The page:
Wednesday, August 19, 2009

Honking Box Review: The Loop

It’s perhaps a somewhat futile exercise to bother with a review of a show that was cancelled two years ago – it’s sort of on a par with pondering what might happen once Rachel sees Ross walks through the Arrivals gate with the Chinese woman.

However, given E4’s acquisition of The Loop, a three-year-old sitcom from Fox, and its bizarrely high level of promotion for it, we feel that it’s in keeping with the questionable celebration of staleness. It would seem that this decision has been made to coincide with the disappointing cancellation of Reaper, though Bret Harrison – for all his charms – was never enough of an impact on the British public to justify E4 doling out televisual methadone to wean viewers off his main vehicle.

Still, if we sat around trying to determine why schedulers make the decisions they make, we’d have a big job ahead of us, and an even bigger headache. So let’s examine The Loop itself – a fast-paced, post-watershed ladcom, which sees Harrison in the role of an airline executive named Sam. Yes, another Sam. As far as typecasting goes, it’s obviously not reaching Danny Dyer levels of one-trick-ponydom, but he’d better hope his next role sees him playing an Archibald or an Agamemnon.

The Loop proudly exemplifies binge drinking, nudity, swearing and is, in effect, one long clumsy Hollywood-interpretation of a frat party. And yet, its presence under the umbrella of all-American ideals mean the drinking always precedes a told-you-so hangover, the nudity is only ever implied via waist-up rear views, and the swearing rarely passes “ass” or “damn”.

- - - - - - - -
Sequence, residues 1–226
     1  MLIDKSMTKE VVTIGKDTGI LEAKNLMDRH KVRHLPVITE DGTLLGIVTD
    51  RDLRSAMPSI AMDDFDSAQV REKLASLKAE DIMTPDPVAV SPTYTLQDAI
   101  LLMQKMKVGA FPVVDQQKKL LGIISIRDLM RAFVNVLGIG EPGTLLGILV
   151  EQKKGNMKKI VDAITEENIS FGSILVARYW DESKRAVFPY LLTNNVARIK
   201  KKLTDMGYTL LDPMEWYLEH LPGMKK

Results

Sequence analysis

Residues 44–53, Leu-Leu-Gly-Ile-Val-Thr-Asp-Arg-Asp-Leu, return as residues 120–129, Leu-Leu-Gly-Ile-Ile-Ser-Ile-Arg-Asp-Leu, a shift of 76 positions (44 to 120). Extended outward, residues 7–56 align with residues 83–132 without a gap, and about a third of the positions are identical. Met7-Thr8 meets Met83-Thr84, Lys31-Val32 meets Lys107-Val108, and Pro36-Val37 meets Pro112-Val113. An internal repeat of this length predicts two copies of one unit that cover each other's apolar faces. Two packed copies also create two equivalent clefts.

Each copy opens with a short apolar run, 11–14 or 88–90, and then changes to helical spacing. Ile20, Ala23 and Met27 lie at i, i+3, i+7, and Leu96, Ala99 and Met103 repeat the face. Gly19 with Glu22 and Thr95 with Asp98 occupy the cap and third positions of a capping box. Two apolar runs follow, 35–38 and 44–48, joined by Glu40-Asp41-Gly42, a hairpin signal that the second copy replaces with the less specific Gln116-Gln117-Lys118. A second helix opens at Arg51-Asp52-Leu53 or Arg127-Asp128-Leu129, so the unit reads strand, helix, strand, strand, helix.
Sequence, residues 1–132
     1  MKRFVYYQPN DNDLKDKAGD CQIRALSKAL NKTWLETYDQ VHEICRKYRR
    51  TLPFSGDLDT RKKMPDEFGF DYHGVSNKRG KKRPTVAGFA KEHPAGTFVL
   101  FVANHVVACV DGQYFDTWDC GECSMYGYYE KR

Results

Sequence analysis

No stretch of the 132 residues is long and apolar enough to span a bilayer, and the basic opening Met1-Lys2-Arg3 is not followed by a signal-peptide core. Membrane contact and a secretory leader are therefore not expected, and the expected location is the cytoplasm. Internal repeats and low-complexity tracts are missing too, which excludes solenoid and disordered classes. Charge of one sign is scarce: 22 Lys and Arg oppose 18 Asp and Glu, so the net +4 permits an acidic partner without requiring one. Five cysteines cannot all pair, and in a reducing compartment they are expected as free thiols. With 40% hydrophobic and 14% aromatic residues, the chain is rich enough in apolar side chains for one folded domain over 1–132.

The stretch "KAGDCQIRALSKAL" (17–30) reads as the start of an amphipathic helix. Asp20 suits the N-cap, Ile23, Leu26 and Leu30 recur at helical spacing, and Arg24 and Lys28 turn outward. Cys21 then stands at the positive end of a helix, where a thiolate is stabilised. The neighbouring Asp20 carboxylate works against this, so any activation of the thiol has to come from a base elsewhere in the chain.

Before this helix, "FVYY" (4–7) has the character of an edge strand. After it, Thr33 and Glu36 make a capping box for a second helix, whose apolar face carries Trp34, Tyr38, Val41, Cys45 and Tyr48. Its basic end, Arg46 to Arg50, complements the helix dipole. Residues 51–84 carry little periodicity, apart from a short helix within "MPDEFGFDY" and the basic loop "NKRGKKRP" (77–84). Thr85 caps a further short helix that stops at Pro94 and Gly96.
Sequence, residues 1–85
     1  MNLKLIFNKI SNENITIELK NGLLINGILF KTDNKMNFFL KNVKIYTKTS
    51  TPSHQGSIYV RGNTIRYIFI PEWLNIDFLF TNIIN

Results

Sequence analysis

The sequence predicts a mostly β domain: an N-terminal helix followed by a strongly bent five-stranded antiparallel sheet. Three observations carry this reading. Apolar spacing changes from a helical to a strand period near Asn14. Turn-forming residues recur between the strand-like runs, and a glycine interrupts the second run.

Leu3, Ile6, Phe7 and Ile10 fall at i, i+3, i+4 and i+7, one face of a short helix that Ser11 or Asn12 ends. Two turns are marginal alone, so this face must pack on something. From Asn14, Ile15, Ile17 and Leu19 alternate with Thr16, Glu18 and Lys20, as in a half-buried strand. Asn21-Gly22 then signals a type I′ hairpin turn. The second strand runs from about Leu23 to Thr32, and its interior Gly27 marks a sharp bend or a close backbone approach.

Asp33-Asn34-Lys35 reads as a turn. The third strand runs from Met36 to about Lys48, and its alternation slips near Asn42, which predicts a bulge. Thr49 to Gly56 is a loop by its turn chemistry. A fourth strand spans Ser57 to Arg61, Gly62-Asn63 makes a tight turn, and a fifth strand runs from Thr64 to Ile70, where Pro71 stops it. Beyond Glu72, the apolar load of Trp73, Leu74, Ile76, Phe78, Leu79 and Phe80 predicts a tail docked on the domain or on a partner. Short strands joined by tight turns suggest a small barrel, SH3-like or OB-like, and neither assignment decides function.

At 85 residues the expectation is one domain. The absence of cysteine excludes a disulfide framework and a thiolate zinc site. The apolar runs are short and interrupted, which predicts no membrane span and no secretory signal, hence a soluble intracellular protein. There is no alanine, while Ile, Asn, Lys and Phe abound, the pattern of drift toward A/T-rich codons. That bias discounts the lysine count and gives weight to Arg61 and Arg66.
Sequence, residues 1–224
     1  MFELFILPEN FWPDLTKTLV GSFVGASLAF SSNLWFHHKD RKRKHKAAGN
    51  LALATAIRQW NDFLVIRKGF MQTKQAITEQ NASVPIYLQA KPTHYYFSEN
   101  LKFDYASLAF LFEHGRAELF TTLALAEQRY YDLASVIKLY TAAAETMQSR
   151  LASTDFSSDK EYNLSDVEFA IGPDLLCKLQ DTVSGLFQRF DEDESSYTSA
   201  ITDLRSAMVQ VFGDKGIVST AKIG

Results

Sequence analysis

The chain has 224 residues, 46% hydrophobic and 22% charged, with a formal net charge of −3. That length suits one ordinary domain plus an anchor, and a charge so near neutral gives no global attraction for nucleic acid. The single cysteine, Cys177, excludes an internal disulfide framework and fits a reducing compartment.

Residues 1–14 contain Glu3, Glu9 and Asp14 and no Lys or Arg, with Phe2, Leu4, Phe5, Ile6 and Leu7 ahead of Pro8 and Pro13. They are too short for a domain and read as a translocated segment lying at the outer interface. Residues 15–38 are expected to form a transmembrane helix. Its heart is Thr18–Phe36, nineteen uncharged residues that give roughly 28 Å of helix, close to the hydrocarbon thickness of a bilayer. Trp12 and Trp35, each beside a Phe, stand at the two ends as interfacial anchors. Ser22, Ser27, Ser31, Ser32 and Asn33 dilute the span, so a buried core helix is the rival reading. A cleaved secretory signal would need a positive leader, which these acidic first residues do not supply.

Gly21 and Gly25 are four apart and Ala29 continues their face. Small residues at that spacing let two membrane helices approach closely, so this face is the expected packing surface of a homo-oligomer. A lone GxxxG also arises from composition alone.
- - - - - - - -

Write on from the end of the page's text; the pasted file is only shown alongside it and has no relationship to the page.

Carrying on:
It’s rather like jPod as reimagined by the editor of Nuts magazine, and as such, doesn’t even feel like a real sitcom. It functions more as though it were the punchline to a bigger-picture postmodern joke-within-a-joke, like Echo Beach was to Moving Wallpaper, or Room & Bored within The Comeback (ironically, a show that should never have felt the axeman’s blade).

But it’s all a moot point, given that The Loop lasted all of two seasons before getting the inevitable chop, making this review quite the assignment in pissing on someone’s grave. It says a great deal, however, about the all-too-hasty cancellation process in television – particularly US television – and its effect on the shows in question. Watching both The Loop and Reaper feel rather like working in an infirmary, knowing you’re surrounded by those on a very limited clock (although, let the record show, one of them is a luxury infirmary with attractive patients, whilst the other is located in Blackpool and smells of wee).

Knowing that Samantha Who wasn’t even given the opportunity to bow out with dignity is bad enough, but Joss Whedon taking the initiative to film a final episode of Dollhouse just to draw a line under the series should the commissioners decide against a second series is just plain depressing. Thankfully, Dollhouse has received a green light, but the whole process makes for somewhat awkward viewing when you know it's under such intense scrutiny. But, that said, watching The Loop, you realise the axeman is there for a reason. We just wish he got it right more often.

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